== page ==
There is a lot to think about and prepare if you are applying to university.
You will be spending 3 or more years studying and living at the university you choose. Funding your studies will also be a big financial commitment. So, it's important to do your research and start preparing for your application early. The Spring term of Year 12 or the year before you will start your course is a good time to start.
All applications for higher education courses are made centrally through UCAS.
Key UCAS dates and deadlines
It’s useful to know that:
- There are key dates throughout the year, for example when applications open and the deadline by which they must be submitted
- You can check key dates, application deadlines and find more information on UCAS Key dates
- Deadlines for applying for medicine, dentistry or veterinary science, or for Oxford or Cambridge are earlier than the majority of other courses
- Music applications to UCAS Conservatoires are also different. You can find out more on UCAS conservatoires when to apply
- It is important that you check with the individual universities for the application deadline
Research your course
Making sure you choose a course that is right for you is the most important part of your application. There are a lot of decisions to think through:
- What subject?
- Which course? Find out more on choosing a course at 18
- Full-time, part-time or distance learning?
- What about a Sandwich degree course?
- What are the job prospects?
- Which course is needed for your career idea?
- What are the entry requirements?
Start with the UCAS Search Tool to search for courses and do more research using individual university websites.
Research universities and attend open days
You will be studying and living at the university you choose for 3 or more years, so it is important you think through your decision and consider these questions to help you decide:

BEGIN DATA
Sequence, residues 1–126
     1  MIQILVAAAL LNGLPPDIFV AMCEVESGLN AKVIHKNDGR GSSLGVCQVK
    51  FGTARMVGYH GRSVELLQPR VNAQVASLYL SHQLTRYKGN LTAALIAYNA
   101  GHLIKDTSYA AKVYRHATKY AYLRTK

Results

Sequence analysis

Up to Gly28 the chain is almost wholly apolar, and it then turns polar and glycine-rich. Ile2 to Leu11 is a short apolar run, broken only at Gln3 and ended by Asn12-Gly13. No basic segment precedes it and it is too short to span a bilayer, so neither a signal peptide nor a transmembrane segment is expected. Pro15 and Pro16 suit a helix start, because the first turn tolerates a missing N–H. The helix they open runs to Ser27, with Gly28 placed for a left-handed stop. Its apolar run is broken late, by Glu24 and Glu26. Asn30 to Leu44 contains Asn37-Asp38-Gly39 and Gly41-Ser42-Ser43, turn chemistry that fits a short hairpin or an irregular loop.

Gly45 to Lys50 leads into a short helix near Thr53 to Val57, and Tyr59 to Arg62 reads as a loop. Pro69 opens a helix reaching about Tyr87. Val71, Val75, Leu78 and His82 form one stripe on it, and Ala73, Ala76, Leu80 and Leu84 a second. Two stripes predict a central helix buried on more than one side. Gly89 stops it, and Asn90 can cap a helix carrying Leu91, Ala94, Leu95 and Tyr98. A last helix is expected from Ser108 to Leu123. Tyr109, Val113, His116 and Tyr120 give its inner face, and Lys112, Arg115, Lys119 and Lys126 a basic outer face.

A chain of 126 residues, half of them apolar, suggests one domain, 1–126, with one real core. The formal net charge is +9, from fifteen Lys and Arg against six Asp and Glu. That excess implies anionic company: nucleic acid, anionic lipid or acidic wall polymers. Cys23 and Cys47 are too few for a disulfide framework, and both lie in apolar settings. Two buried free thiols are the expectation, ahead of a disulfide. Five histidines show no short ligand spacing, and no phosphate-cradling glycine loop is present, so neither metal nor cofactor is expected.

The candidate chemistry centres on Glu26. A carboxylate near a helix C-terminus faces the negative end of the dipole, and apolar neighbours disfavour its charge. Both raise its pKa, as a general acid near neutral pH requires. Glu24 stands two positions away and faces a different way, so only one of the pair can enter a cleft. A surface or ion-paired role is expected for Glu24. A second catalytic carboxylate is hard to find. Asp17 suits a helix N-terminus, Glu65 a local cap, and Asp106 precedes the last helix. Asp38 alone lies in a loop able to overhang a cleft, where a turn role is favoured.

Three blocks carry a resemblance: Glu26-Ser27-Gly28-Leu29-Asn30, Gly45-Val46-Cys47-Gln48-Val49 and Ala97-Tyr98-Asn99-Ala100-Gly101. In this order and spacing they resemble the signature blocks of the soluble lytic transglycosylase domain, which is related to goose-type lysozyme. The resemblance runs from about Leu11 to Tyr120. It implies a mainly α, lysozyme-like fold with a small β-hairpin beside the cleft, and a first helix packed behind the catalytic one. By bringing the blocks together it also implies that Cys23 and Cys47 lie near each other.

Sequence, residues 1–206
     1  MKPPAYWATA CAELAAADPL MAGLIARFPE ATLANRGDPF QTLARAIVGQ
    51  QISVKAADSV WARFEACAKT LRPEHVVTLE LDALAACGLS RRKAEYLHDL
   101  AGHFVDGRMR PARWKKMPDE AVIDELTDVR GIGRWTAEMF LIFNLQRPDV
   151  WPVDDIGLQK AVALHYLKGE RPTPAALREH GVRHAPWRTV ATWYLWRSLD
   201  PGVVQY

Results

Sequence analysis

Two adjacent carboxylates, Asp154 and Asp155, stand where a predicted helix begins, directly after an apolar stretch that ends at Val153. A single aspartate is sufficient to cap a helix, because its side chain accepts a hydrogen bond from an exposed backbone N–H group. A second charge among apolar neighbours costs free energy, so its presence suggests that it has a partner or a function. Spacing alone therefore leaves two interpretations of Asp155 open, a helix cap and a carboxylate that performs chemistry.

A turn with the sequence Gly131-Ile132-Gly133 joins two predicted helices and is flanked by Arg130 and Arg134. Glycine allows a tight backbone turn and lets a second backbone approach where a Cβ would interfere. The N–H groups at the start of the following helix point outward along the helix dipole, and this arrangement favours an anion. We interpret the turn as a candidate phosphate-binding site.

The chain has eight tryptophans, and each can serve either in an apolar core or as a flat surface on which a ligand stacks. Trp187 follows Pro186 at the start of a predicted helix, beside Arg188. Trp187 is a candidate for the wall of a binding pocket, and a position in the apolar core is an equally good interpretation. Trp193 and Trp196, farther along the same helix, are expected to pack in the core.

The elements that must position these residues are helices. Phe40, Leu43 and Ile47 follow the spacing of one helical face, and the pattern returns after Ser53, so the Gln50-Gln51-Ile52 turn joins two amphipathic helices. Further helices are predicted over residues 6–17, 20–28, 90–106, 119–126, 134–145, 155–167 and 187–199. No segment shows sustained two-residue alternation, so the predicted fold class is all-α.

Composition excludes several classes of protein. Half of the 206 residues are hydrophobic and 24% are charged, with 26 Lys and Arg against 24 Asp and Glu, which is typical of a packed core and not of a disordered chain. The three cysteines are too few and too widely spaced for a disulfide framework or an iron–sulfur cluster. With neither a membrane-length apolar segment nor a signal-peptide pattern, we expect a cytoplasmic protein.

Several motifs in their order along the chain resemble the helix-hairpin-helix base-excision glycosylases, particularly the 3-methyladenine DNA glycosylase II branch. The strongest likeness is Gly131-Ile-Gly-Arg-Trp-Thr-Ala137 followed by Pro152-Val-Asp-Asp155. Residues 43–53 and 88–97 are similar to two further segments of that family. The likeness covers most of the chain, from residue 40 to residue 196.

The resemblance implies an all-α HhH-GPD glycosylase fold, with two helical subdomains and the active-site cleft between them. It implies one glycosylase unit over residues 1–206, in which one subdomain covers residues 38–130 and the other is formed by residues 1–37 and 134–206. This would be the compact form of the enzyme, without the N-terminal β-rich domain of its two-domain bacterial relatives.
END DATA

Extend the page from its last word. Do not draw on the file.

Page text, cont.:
- Do you want to be far from home or close?
- Would you prefer a campus-based university or a city-based university?
- What other clubs and university facilities are important to you, for example university sports clubs?
- How expensive will it be to live in the town or city?
Some universities may offer a mixture of open days 'online' and 'in person'.
You can do plenty of research on university websites but it is never as good as visiting the university on an open day. Use opendays.com to check when universities are holding their open days and go and see for yourself.
We can help you prepare and make the most of your University open days.
Preparing your application
Think about any aptitude, admissions tests and portfolios needed
Depending on the course and university, you may be required to take an aptitude or admissions test or submit a portfolio of your work. Some examples are:
- Most courses in Medicine, Dentistry and Veterinary Science will require you to take an aptitude test such as University Clinical Aptitude Test (UCAT) or Biomedical Admissions Test (BMAT)
- Oxford and Cambridge have course specific admissions tests and assessments
- Law courses may require completion of LNAT – National Admissions Test for Law